Bluff is a skill reflecting your ability to deceive and lie. It uses the Charisma stat as a modifier
What can you do with Bluff?
Lie: Bluff allows you to have your lies believed. It is opposed by Sense Motive and modified by the believability of the lie and the condition of your opponent.
Feint: You can use bluff in combat to Feint. This allows you to cause your opponent to lose their Dexterity bonus to armor class on your next attack against them. This is a standard action, which means it takes your turn to accomplish. The difficulty is 10+BAB+Wisdom bonus, or 10+Sense Motive whichever is higher. It's more difficult to accomplish against unarmed opponents and non-intelligent opponents. There is a feat which allows you to do this and make an attack in the same turn.
Secret Messages: This allows you to pass secret messages - that is communicate with party members in code in front of other people. It is a DC 15 check for simple messages and a DC 20 check for more complicated ones.
Which of these have ground for use?
What we are talking about here is a mechanism for social conflict. And looking at our desires for what we want social combat to accomplish it is a passable mechanic.
I'd prefer a more entertaining subsystem - perhaps with a greater degree of player skill involved. This reduces lying to an attack roll using charisma as the modifier against a fluctuating AC modified by Wisdom. I think there is something much more entertaining that can be done with this skill.
Perhaps some sort of card mechanic to simulate social resources, or perhaps like in a debate where certain stances are selected and then RPS arguments are made and success is determined by a modified roll. Or something more entertaining then an attack roll that basically comes down to 'pass/fail'
What is it we gain by having this skill?
A simple quick system for answering the question - does the target believe me?
What do we lose?
Some interest and value to be extracted from this conflict. The success of the skill is all or nothing which is very uninteresting, there is no degree of success.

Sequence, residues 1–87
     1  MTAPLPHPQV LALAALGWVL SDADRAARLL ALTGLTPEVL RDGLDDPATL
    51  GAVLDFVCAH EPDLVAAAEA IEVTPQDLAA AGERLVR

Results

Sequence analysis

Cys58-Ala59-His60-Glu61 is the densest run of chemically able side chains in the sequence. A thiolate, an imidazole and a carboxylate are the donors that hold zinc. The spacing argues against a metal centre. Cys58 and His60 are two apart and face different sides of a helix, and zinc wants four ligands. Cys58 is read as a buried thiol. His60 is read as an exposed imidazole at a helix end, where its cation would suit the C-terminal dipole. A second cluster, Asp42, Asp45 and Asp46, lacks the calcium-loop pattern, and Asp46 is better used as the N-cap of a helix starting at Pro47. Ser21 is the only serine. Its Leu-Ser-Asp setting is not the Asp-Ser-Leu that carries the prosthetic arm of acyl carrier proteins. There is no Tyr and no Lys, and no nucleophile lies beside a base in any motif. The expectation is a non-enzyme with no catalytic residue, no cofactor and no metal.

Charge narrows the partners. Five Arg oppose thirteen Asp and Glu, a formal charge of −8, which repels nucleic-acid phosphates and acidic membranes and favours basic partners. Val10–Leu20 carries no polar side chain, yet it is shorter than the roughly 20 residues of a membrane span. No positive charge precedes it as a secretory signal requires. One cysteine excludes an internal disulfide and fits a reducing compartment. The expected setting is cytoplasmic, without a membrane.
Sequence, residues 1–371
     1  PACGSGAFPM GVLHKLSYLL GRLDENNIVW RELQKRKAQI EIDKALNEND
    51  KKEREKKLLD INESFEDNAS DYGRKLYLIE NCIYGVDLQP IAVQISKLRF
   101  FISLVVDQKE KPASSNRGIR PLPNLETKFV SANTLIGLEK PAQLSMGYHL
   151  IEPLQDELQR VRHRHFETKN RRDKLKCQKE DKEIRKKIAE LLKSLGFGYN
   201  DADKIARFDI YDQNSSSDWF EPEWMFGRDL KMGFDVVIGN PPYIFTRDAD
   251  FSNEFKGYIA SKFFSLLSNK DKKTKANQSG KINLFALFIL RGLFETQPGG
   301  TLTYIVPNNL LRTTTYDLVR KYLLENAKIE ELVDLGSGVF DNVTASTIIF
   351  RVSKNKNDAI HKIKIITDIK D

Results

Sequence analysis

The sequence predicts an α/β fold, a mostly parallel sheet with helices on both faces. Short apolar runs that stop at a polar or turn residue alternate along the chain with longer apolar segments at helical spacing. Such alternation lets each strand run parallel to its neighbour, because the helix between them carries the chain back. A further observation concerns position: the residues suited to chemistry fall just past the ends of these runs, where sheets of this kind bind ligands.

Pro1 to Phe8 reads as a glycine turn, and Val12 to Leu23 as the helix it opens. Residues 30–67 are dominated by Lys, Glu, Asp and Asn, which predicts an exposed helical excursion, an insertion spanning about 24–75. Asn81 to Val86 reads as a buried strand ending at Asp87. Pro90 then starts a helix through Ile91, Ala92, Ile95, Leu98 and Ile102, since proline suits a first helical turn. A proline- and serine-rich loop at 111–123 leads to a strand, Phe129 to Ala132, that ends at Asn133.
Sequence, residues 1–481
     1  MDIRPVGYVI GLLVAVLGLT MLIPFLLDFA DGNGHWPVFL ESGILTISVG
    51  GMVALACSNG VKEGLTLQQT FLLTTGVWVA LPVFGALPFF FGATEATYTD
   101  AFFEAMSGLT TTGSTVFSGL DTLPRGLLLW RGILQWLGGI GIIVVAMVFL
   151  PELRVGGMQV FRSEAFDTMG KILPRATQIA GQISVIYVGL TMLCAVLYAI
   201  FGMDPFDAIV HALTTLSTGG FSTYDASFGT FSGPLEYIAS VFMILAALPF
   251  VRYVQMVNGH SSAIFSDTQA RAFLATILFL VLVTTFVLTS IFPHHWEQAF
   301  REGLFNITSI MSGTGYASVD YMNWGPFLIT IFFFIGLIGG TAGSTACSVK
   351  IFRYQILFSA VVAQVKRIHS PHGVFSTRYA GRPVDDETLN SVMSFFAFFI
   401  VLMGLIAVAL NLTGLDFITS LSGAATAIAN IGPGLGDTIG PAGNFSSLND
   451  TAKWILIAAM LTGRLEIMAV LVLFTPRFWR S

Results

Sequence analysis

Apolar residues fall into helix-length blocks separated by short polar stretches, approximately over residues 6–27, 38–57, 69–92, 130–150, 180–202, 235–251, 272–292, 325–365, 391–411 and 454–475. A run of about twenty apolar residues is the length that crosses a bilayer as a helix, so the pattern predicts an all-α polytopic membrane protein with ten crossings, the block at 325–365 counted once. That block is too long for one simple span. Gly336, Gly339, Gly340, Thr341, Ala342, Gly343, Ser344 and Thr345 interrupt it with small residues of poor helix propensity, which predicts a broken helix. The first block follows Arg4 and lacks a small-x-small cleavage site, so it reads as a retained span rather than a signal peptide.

Conclusions & Suggestions:
Bluff is one of the checks that is generally an opposed check, so is particularly susceptible to the high variance of the d20 roll. In defense of bluff, it is a skill where a pretty substantial variance is an accurate representation of the process of deceiving another person.
Usually when constructing one of these situations (NPC's and social conflicts) it is more interesting to create a set of interesting choices for the players to make rather then a straight roll to determine the achievement of the goal.
This is really my core argument against skills handled this way. Let's play a game of 'you win' isn't a very engaging activity. ("Roll a die, if it's over 10 you win!") I am not saying this always happens, but this is a specific case where it can occur frequently. Any decision made or skill that is used turns into a modifier (+/- 5 in this case). And then you win or lose based on the roll. Often Winning means 'bypass having to come up with an actual solution' which is code for 'bypassing playing the game' and losing means 'we're forced to actually play the game'.
This is fundamentally less fulfilling then providing the players with an interesting choice.
But in snap situations like a guard coming around the corner the roll becomes more interesting because the consequence is more interesting (having to engage in combat).